Forget the stereotypes. Forget the YouTube videos of angry confrontations. Forget the idea that motorists and cyclists are on opposite sides.
If you drive a car you may also ride a bike, or know someone – a son, daughter, partner, friend – who does. If you cycle, you may also drive a car, or know someone special to you who does.
It’s in everyone’s interest to learn to share the road safely, and most of us want to do exactly that, a new survey reveals. The YouGov poll for British Cycling found that a majority of drivers support the idea of having more cycle tracks on main roads, even if it means longer commutes for them.
Chris Boardman, British Cycling policy adviser, says it is clear that the vast majority of the public want to see more cycle lanes.
But that won’t happen anytime soon, and in the meantime motorists are going to have to share road space with an ever growing army of cyclists. Research last year found that 100,000 more of us had become regular cyclists since 2012, and that’s in England alone.
With that in mind how do drivers and riders share the road safely, sensibly and harmoniously? With the help of the Royal Society for the Prevention of Accidents (RoSPA) Approved Garages gives some much needed advice.
What cyclists want drivers to know
The first and perhaps most important tip is to have empathy for the other road user, even if their presence is temporarily slowing your journey. Cyclists want motorists to know that inconsiderate driving isn’t just annoying, it’s intimidating. Speeding past a cyclist without leaving enough room is scary for the cyclist, who is only ever one minor contact from potential disaster.
According to RoSPA key things cyclists also want drivers to know include:
What drivers want cyclists to know
Empathy works both ways of course. Drivers want cyclists to know that, if riders don’t use lights at night, drivers can’t see them. Cyclists who ignore traffic lights are also a bugbear, and a potentially dangerous one. Drivers often think that cyclists need to drive more predictably, avoiding sudden and unnecessary swerves and manoeuvres. RoSPA outlines a few more:
Mutual understanding is key, along with following a few basic rules that will help to keep the roads safer for everyone. Nearly three quarters of accidents involving cars and cyclists happen at junctions, and the most common reason is drivers failing to see cyclists.
So at junctions, drivers need to ‘think bike’. RoSPA’s advice: “Look once, look twice and look again for the cyclist.”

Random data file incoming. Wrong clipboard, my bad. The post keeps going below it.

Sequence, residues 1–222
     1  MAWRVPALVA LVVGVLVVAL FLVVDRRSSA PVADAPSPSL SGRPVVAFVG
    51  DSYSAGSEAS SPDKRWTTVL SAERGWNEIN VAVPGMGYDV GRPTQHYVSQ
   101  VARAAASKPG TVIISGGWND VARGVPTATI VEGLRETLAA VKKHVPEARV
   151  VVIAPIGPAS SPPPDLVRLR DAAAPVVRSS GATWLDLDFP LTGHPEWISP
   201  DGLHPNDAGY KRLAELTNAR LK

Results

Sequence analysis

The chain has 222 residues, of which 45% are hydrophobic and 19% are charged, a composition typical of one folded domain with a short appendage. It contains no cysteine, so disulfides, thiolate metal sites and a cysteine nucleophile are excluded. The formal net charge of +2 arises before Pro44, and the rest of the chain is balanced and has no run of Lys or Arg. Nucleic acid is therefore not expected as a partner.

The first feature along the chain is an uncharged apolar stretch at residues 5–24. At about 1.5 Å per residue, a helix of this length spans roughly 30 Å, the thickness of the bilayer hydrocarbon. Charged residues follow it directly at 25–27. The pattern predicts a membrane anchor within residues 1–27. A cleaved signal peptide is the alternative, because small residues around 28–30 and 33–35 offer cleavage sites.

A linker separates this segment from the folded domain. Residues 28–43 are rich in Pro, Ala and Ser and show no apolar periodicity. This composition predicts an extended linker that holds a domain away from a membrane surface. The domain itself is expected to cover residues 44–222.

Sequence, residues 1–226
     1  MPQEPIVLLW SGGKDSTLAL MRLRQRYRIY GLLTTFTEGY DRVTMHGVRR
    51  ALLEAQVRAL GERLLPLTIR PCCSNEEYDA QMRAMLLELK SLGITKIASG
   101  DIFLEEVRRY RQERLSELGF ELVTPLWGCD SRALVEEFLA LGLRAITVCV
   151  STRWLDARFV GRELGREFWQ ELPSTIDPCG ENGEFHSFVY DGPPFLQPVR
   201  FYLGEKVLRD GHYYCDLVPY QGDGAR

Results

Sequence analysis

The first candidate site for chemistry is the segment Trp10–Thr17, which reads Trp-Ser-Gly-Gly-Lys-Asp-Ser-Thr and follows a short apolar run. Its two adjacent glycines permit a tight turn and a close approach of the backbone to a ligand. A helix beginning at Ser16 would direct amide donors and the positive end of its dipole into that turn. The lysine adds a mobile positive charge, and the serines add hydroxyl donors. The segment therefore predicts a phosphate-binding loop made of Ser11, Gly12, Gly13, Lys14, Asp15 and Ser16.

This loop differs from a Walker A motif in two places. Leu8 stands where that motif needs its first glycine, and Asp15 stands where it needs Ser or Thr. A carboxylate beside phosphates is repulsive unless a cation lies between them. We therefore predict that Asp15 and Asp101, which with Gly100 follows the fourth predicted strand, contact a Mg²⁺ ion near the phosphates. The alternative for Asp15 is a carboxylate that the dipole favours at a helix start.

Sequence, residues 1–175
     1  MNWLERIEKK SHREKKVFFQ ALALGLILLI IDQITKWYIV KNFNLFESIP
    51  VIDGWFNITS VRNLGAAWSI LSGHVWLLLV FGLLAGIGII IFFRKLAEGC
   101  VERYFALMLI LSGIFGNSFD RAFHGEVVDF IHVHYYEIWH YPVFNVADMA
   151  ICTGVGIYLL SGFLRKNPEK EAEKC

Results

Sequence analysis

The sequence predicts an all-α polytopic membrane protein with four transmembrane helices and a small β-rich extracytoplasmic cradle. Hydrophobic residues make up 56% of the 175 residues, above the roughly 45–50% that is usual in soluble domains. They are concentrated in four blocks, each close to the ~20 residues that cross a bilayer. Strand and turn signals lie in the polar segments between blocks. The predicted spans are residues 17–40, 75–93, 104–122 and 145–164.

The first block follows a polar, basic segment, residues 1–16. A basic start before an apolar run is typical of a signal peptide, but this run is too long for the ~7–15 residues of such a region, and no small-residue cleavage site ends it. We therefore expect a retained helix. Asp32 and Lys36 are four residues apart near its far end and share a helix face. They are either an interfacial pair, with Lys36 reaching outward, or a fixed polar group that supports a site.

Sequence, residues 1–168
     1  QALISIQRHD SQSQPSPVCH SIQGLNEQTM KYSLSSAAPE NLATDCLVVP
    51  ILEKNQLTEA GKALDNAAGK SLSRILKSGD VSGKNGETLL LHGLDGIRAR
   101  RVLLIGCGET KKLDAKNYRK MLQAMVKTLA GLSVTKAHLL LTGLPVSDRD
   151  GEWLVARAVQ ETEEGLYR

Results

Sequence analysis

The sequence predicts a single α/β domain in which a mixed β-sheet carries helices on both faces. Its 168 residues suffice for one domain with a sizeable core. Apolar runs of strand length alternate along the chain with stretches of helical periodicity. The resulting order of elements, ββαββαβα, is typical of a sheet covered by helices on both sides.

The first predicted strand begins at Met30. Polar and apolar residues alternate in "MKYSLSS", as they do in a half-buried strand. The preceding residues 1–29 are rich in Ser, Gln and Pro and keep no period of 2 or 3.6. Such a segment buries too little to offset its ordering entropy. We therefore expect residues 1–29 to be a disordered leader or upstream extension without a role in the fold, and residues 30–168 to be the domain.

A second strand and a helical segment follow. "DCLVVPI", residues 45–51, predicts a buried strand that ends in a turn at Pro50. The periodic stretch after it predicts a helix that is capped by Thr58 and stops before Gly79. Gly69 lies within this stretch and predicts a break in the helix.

But again, this isn’t solely a driver’s problem. “Failing to look properly is also a common mistake made by cyclists,” says RoSPA. Both sets of road users need to be more aware of each other.
Cyclists typically ride at around 12mph, so on popular routes drivers may have to overtake a number of cyclists in a single journey. Remember, cyclists are easily intimidated, are affected by side winds and may have to swerve to avoid potholes. For those reasons, drivers must give them plenty of room when overtaking. Never try to squeeze past and never drive right up behind them or rev impatiently.
Cyclists must play their part and also overtake carefully, says RoSPA. “Always have a good look behind before you pull out to overtake a parked car, or other obstacle, and give the driver behind plenty of time to react. Signal if necessary.”
Road positioning is a real bone of contention between motorists and cyclists. Drivers often think cyclists are riding too far into the lane, but at the same time cyclists are trained to ride away from the gutter where litter collects and there are obstacles like drain covers.
Normally, a cyclist will position themselves about a third of the way into the carriageway, which is known as the ‘secondary position’.
“However, sometimes they will need to ride further out in what is called the ‘primary position’, to improve visibility or to deter drivers from squeezing past where the road narrows, for example at a pedestrian island,” says RoSPA.
Whilst riding in the primary position a cyclist will be in the middle of the road between the kerb and centre line. This is not illegal and can be necessary for a cyclist’s safety.
But cyclists should not ride in the primary position when it is not necessary. RoSPA agrees that cyclists should move back into the secondary position as soon as it is safe to do so.
Nor should cyclists ride more than two abreast. In fact, on busy or narrow roads courteous cyclists will ride in single file.
Conventions for cooperation
Following these simple conventions can mean less danger for cyclists and less frustration for drivers. In the end the best advice is to accept that roads are meant for drivers and cyclists alike, and being aware of each other, and understanding of each other’s needs, is the best way for everyone to use them safely and harmoniously.
Or as RoSPA puts it: “Treat every road user as if they were a member of your family.”